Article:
[UPDATE] Allison Gunn posted the same notice over on OP, with this additional note:
“For further information about campaigns to alter the development, see the Friends of Bolin Creek website: www.bolincreek.org” .
Also, I contacted Tiffany Clarke to see if they could video the proceedings. She’s currently looking into that – maybe the folks at the People’s Channel could lend a hand?
For instance, reviewing in detail the Final Report of the UNC Leadership Advisory Committee [PDF] which will supposedly inform UNC’s development plans.
Of course, UNC might take advantage of Town Council’s recent leap from the environmental high ground, complete crushing of citizen’s concerns and rush to sprout 120′ to 135′ buildings Downtown to scale their plans upward (or downward in the environmental case).
The community will have an opportunity to review and comment on UNC’s vision over the next couple months starting March 27th (I’ll be in Nashville, unfortunately).
UNC’s outreach here is a notable improvement over years past – at least at the presentation level. It will be interesting to see how they incorporate the general community’s feedback as the project progresses.
Folks, the clock is ticking on this – the UNC Board of Trustee’s are rushing to a decision next October – so please weigh in now so our community can get the best result.
The University will host a new series of meetings about Carolina North for the campus and local communities on the last Tuesday of each month through May, beginning Tuesday, March 27.
You are invited to attend one of two sessions on March 27. The first session will be at 3:30 p.m., Room 2603, School of Government, Knapp-Sanders Building. The presentation will be repeated at 5:30 p.m. in the same location. Parking is available in the Highway 54 lot and Rams Head deck. The School of Government parking deck is available only for the 5:30 p.m. meeting.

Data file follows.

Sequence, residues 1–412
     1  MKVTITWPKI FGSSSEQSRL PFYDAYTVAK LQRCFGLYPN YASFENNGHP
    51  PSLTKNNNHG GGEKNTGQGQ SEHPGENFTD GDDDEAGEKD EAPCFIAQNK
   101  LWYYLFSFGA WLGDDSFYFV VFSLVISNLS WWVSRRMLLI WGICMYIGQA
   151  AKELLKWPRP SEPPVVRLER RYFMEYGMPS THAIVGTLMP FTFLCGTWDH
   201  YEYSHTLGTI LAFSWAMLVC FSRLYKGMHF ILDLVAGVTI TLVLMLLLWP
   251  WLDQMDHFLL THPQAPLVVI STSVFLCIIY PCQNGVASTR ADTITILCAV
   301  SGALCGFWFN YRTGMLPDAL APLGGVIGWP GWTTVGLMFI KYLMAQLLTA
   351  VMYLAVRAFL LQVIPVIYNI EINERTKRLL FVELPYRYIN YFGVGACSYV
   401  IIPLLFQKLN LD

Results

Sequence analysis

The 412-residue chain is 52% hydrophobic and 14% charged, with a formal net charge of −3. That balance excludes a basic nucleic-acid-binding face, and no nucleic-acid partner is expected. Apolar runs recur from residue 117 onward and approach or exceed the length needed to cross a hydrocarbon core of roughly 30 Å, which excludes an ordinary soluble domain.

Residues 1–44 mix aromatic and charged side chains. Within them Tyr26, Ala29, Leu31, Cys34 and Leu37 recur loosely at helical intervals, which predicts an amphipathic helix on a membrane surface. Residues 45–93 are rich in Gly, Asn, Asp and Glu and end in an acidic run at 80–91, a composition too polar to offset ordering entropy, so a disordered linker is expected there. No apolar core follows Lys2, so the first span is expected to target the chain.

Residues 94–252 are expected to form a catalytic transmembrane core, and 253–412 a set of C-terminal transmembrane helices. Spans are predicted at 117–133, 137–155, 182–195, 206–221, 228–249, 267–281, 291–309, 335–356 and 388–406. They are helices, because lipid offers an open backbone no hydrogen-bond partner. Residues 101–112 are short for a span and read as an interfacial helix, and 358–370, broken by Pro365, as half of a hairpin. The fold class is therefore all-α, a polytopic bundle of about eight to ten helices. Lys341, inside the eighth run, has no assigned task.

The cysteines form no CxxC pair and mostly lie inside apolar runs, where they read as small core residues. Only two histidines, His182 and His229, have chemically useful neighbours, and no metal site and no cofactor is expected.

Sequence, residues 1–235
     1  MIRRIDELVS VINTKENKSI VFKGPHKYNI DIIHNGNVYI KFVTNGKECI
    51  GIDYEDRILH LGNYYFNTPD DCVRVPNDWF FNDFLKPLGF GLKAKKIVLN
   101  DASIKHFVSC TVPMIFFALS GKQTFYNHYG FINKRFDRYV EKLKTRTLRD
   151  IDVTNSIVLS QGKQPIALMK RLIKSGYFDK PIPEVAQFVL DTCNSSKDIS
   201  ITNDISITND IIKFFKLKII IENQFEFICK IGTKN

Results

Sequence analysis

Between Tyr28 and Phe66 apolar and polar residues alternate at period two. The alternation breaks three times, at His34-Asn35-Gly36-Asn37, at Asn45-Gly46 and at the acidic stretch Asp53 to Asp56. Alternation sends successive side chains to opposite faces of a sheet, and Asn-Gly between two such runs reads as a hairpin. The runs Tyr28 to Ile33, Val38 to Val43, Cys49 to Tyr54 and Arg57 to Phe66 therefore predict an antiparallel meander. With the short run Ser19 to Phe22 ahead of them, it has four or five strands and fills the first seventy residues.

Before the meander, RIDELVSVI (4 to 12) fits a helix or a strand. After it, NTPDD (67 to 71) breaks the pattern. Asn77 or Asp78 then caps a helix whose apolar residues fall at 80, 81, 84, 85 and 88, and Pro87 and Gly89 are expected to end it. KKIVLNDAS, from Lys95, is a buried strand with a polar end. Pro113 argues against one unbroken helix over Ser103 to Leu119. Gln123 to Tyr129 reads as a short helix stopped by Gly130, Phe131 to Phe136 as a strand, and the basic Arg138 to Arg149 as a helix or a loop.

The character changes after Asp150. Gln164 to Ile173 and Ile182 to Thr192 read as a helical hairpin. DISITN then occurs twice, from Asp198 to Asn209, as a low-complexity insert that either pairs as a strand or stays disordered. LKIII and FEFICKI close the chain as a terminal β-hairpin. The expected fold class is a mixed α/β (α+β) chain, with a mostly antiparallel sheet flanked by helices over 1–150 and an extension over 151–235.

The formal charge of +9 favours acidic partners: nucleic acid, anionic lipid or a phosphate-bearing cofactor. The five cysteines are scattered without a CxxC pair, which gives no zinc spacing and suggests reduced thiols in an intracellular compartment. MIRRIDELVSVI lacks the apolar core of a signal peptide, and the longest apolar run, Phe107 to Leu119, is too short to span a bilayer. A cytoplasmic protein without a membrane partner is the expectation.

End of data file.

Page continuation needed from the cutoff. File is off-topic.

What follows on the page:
University representatives will present potential uses of Carolina North and three conceptual approaches to its development. Attendees will have opportunities to ask questions and share comments. The feedback will help the university as it develops a concept plan for the UNC-owned property.
The conceptual plans that will be presented draw on the guiding principles developed by the Leadership Advisory Committee for Carolina North, an ecological assessment of the property and sustainability strategies.
At the same time the university is working on its plans, several supporting studies are under way or planned involving the campus and various government and community entities. Topics include transit, transportation and fiscal impact.
University officials believe Carolina North, the 900-plus-acre tract located about two miles north of the main campus in Chapel Hill, represents an unprecedented opportunity to develop a mixed-use academic community that will benefit the campus and the community.
The university’s Board of Trustees has directed the administration to submit a development plan for Carolina North to local governments by next October.
For more information about Carolina North, go to the website, http://carolinanorth.unc.edu.
304 South Building, Campus Box 4000
Chapel Hill, NC 27599-4000